Superman #8 review

Deep in the Bermuda Triangle, in the new Fortress of Solitude, Superman, Lois and robot major domo Kelex are running tests on Jon Kent. He’s come back from what was meant to be a summer trip to outer space several years older and, understandably, there are concerns. While he’s lying under an array of sensors, Jon tells his parents of the day he realised he wanted to return home.

But, as the great Douglas Adams observed, ‘space is big’ and getting back to his parents isn’t easy. Jon doesn’t ask the grandfather he now realises is nuts to take him back, he stays by his side and helps out on peacekeeping missions. One day, finally, he bumps into people who can get him home.

Before writer Brian Michael Bendis gained possession of Jon, he was his father and mother’s son – outspoken, not scared of anything. This version? Not so much… rather than continue his conversation with the Green Lanterns in front of Jor-El, rather than simply tell his oddball grandpa that yes, he’s had enough of outer space and him, he shuts up, stays by Jor-El’s side and becomes the loneliest kid in the universe. He pines for home, watching newsreel of the Teen Titans. What happened to the fearless, sparky, outspoken kid we knew?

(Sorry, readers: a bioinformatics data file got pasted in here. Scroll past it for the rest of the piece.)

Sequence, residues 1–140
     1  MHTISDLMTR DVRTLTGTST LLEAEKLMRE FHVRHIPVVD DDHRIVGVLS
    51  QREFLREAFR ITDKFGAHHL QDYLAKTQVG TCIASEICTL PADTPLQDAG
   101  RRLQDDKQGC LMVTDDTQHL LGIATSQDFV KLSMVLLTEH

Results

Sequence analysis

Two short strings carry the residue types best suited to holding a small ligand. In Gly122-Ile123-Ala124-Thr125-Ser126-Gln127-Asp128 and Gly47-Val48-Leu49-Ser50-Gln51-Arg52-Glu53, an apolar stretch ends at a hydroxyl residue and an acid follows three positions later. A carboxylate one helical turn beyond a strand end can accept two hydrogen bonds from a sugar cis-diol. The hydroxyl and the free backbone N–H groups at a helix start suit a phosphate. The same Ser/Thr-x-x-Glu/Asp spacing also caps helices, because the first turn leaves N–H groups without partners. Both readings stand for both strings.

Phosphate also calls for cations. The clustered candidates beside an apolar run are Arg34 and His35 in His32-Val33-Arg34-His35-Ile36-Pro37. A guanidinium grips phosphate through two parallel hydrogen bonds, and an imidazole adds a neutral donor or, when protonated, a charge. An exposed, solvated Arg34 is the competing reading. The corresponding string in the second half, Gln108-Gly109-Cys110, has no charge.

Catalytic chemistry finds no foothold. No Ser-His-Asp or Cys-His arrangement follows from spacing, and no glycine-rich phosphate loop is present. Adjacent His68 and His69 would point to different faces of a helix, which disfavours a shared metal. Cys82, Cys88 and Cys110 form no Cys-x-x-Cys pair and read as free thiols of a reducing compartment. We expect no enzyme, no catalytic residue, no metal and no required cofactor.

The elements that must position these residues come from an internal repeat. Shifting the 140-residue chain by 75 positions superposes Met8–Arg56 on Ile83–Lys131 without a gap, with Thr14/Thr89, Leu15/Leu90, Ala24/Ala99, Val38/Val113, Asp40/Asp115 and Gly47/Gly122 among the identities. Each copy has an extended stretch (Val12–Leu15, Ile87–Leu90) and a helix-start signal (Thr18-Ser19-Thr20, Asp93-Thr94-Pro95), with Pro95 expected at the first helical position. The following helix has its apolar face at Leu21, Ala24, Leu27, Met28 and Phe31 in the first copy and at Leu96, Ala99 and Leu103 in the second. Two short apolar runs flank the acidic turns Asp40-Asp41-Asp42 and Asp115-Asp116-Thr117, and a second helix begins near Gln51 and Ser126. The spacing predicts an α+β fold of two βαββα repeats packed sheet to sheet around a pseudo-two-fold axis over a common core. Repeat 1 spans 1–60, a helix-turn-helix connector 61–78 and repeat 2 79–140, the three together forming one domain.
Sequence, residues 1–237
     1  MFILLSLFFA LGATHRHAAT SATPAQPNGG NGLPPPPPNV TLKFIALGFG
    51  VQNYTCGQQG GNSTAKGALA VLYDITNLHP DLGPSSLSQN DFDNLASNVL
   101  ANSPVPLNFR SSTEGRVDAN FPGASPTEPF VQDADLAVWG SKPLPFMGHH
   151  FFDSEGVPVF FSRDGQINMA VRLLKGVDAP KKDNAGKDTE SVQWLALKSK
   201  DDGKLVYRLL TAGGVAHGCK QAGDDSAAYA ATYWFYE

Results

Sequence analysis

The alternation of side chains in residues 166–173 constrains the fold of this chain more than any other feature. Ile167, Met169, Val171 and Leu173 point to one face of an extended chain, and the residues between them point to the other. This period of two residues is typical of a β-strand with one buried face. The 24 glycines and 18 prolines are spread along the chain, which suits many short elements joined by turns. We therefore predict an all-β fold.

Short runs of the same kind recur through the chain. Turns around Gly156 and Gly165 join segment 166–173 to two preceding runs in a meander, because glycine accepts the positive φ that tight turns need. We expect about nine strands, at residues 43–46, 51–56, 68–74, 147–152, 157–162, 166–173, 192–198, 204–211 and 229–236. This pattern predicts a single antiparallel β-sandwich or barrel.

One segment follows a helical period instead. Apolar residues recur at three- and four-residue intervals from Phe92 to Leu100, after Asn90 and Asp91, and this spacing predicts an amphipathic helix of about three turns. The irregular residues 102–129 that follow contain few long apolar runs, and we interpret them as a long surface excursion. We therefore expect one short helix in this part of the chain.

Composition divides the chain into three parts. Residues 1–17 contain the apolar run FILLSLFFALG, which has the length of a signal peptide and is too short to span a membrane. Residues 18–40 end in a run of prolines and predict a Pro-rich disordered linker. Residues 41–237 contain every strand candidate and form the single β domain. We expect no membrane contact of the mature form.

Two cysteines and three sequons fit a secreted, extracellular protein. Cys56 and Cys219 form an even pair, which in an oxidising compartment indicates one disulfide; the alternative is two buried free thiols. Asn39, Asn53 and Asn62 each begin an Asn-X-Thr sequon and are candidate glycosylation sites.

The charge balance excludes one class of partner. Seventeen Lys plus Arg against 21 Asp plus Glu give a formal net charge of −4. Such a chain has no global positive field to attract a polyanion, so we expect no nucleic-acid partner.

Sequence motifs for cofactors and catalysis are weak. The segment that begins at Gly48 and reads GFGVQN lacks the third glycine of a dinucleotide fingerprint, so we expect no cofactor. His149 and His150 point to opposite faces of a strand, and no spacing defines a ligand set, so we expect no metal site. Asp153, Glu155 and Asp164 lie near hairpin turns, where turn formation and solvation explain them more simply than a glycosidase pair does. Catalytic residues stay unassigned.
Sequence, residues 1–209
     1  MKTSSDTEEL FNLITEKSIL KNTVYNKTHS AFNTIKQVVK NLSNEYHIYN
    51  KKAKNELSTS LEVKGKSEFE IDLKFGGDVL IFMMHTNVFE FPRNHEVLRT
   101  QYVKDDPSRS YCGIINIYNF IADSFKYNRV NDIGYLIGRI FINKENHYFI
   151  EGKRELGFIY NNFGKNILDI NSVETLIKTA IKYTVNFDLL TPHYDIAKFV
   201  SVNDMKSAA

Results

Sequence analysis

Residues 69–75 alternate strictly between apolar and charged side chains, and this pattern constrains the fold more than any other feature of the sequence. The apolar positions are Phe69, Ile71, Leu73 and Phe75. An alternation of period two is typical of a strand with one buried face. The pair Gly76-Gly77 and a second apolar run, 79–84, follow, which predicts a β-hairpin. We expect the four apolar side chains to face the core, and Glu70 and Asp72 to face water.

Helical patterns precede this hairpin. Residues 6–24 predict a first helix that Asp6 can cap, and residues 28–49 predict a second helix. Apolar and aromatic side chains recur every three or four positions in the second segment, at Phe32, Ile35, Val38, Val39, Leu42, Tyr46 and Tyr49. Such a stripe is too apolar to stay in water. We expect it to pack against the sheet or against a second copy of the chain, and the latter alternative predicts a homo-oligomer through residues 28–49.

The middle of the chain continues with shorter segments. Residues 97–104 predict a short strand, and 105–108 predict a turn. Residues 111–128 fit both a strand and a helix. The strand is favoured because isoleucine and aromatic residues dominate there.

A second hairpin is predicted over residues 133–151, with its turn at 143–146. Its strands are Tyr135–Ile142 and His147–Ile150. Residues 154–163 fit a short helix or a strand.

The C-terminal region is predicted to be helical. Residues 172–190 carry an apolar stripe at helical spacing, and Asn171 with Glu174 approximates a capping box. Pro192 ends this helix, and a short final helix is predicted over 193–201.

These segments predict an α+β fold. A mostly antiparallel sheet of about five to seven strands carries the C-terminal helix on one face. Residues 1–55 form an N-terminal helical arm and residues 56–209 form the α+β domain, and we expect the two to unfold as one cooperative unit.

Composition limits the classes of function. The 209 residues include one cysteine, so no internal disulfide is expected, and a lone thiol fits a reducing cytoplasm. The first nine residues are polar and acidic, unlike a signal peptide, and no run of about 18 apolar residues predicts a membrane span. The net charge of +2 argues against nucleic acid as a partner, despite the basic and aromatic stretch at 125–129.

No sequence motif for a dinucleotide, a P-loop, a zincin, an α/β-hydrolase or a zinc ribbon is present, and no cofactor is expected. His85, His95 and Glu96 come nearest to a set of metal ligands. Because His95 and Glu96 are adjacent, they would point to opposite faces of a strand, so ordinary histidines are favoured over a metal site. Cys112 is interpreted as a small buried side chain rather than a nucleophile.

It seems the blind spot when it comes to Jor-El isn’t just a Jon thing.

None of this is new; Jon and, initially, Lois going into space with the mad Jor-El – lunatic villain Mr Oz, remember – never made a smidgeon of sense. This issue, even Jor-El realises he’s a plot point too far.

Lois is feeling guilty, Superman wants to hit something, Jon… actually, despite my not liking the situation he’s in, I do like that now he’s home, he’s a glass-half-full kinda guy.

Well good on you, Jon. Me, I’m confused. I don’t understand why Jon has aged when his trip didn’t involve going into the past or future and spending years there before returning to 2019. I don’t get why experienced Lanterns Kilowog and Arisia would skulk off when Jor-El appears rather than stick around and listen to the concerns of an obviously worried kid. I don’t see why, if Jon has been building a legend, news of his adventures hasn’t reached his parents… Basically, I don’t understand why saved-by-Dr-Manhattan Jor-El is still a thing – it was a seriously unconvincing reveal in Action Comics and should have been just waved away.

The issue does have what at first seems like a great cliffhanger, as Jon meets a very scary bunch of people – but he’s narrating the encounter in the present day, safe and unharmed, with only a characterful facial scar to show for whatever happened next. That doesn’t make for a whole lot of tension.

What to make of Bendis having Lois and Clark admit letting Jon go off with Jor-El was terrible parenting? It’s not like he’s pointing out the error of another writer, he’s the guy who had it happen in his Man of Steel mini-series? Perhaps he plans to have Lois and Clark move heaven and Earth to undo Jon’s ageing, although not, as I said, understanding why he’s older, I couldn’t guess how.